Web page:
Katri Söder from TSL shares her thoughts and experiences on how you as an educator can tackle the challenge of transforming a course into an online version.
The course I was working on was called the Future of Global Interdependence and it was scheduled for the end of April. However, just before the last meeting, the Corona Pandemic forced to move the course online on a fast schedule. At first, I was horrified and thought that by no means I dare, and maybe not even want to build or run any online course. Then I decided to take courage, however, and now I’m glad about this decision. I learned a lot, and now I want to share the lessons I learned.
The technichal aspect
I noticed that building the course online wasn’t just a technical accomplishment. Technology actually played a rather small role alongside the fact that interaction, implementation methods, and also course evaluation had to be redesigned as the learning environment changed. After all, this should have been anticipated, because as educators we know that the objectives, the evaluation, the methods and the organization of the training, as well as the subject areas, are all related. However, building the online course was still so new to me that this came as a surprise.
Transferring a course online is not difficult on the Howspace platform used by TSL, but the planning should be done well. First, the goals pursued by the teaching have to be defined; what students should know after the course. This point in the plan remained the same even though the course was moved online. The other points had to be redefined, i.e. what learning experiences are needed to achieve the objectives, how these learning entities can be organized effectively, and how it can be concluded that these goals are achieved; these all had to be done a little differently online than we would have done face to face.
The interaction and working in groups
I was quite nervous in advance about how to create genuine interaction within the online course, as my own experiences of online learning have been quite bad in this regard. We took plenty of time for the joint kick-off meeting so that we had time to go through the rules of the course and familiarize the students with the learning environment and its activities. We divided the students into smaller learning groups and together we went through the learning objectives.
Part of the course work took place in small groups. The group must have a common task and enough time to get to know each other, so that the random group develops into a goal-oriented group. In our course, groups had their own workspaces and a shared goal as well as a positive dependence on what other group members did. The debate-part of the course in particular seemed to create a positive spirit of competition, and it seemed like the groups wanted to put a lot of effort into preparation. I organized a mentoring meeting for each group, in preparation for both group assignments. Students said that the meetings were very useful for learning. I highly recommend such tutoring meetings for online courses, even though they are quite time-consuming.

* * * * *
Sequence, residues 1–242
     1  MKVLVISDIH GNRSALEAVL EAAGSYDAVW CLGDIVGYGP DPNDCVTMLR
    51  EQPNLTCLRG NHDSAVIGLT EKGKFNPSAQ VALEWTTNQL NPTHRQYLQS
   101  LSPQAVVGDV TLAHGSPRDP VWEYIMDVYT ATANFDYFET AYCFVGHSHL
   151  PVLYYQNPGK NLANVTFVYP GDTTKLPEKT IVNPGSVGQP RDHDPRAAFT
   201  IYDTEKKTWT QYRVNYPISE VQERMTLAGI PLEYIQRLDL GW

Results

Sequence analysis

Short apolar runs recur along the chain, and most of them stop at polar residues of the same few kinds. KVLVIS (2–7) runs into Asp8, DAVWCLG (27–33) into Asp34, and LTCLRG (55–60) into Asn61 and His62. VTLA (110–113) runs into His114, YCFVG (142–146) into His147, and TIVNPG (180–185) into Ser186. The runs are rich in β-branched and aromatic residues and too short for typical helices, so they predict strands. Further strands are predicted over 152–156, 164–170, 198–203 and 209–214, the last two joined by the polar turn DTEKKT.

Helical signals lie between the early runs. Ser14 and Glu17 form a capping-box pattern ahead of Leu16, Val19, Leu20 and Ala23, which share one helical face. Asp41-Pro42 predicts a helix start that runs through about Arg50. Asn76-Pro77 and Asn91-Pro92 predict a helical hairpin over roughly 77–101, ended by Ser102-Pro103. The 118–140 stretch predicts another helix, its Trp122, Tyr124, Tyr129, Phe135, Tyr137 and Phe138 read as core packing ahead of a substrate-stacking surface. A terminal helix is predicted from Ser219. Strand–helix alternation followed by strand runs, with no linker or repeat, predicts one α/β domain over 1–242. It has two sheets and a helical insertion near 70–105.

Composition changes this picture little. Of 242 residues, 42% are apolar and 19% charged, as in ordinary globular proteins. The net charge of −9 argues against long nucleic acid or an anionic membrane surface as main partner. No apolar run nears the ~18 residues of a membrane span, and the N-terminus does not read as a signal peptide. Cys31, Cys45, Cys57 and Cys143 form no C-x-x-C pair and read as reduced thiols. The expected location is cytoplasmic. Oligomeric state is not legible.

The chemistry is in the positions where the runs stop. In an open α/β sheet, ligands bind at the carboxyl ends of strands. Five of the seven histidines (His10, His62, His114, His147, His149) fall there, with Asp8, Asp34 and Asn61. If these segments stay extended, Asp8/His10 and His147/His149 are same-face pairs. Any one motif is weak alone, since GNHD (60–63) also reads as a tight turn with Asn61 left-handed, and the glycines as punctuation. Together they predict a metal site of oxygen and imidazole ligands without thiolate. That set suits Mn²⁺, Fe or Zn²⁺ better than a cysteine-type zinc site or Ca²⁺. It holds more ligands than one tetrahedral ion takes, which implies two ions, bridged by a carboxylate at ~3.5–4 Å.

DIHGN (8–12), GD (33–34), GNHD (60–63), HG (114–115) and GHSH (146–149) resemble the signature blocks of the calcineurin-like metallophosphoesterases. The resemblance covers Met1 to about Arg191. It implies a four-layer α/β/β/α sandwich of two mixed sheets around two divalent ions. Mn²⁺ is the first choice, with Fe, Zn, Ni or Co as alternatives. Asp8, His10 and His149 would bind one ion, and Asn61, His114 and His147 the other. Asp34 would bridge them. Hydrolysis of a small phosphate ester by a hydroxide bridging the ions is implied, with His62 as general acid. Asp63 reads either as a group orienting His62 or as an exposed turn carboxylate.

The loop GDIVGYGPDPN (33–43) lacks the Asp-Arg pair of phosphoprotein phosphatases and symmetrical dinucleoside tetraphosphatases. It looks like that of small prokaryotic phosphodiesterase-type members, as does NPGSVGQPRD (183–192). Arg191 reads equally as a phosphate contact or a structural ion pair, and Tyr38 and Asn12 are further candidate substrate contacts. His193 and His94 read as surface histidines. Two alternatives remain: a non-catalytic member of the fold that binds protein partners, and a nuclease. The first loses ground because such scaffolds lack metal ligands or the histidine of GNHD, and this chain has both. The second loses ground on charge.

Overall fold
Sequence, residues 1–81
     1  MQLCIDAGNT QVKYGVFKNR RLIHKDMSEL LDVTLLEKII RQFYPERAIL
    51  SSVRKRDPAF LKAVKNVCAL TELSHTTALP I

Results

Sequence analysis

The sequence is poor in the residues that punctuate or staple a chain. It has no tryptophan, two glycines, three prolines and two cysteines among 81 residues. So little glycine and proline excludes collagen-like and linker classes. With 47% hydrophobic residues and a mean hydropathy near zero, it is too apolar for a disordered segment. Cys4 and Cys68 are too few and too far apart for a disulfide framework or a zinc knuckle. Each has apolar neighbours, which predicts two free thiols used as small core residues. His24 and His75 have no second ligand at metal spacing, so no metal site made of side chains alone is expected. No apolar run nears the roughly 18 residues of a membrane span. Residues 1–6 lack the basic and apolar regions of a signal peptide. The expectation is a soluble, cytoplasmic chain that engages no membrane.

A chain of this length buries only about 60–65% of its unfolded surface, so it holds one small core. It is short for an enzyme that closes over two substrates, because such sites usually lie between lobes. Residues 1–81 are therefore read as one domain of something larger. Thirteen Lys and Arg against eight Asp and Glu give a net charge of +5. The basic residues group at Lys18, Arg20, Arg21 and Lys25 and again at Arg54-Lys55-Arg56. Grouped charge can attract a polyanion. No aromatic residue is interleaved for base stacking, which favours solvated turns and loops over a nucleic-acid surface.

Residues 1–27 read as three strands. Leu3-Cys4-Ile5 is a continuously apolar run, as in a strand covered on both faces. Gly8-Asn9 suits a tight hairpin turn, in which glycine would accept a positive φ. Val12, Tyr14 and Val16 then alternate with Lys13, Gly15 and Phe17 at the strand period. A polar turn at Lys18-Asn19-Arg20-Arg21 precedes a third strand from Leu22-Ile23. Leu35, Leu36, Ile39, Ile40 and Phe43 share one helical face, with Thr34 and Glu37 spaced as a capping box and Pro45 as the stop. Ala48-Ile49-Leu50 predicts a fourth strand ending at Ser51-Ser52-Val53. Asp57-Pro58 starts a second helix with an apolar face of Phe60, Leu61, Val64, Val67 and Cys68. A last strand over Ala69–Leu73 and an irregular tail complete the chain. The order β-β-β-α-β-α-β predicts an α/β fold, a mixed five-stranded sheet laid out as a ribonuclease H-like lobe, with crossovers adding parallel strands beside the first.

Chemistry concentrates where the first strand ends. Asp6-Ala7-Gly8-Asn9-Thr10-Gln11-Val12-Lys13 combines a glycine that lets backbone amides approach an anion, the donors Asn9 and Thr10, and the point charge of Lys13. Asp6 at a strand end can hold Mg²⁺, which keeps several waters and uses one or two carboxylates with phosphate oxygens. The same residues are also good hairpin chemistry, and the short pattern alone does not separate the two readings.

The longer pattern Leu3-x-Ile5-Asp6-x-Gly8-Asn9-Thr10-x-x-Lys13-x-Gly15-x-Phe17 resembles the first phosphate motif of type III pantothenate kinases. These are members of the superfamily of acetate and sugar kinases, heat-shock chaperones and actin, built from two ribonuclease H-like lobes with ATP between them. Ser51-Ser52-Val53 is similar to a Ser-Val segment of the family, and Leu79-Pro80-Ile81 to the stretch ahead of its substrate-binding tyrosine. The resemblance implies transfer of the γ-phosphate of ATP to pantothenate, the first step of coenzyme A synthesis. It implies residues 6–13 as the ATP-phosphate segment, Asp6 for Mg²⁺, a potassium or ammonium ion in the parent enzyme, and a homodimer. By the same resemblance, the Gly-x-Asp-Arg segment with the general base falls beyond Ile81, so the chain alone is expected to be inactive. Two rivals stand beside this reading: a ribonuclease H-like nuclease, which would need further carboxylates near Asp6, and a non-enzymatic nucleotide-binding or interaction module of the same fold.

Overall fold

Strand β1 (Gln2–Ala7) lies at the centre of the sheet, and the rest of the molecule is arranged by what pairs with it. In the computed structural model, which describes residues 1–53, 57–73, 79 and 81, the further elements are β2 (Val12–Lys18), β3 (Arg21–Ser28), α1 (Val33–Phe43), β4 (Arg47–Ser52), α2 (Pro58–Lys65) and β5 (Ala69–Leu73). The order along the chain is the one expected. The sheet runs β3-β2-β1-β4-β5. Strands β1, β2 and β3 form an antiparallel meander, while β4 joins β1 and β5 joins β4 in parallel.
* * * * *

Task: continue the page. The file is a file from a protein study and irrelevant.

When planning an online course, the same things should be considered as when planning training in general. A clear structuring of the teaching event, clearly stated expectations and a planned learning environment are also important goals online. Maximizing the time spent on actual teaching and individual support works best, if you also use small group work, book tutoring meetings for the groups, and give feedback on students’ written assignments.
In this course, the diversity of methods was successful. The course used debate, preparation of a campaign plan in small groups, small group steering meetings, group-wide discussion and individual assignments, in which the answer was given together as a written essay and as a voice-essay. The orientation task used a puzzle-technique in which students taught each other the content they had learned. In the feedback from the students, many praised the diversity of the assignments
The online course should also take into account that the learning environment is built in such a way that students know where the documents can be found and where their assignments were to be placed. The course schedule and deadlines must be available to students online. Online materials must be technically functional and easily accessible. The division of labor between teachers should be clear, and in case of technical problems, it would always be good to have another teacher or online tutor involved. If possible, the learning environment should be chosen on the basis of your goals.
Työväen Sivistysliitto TSL ry.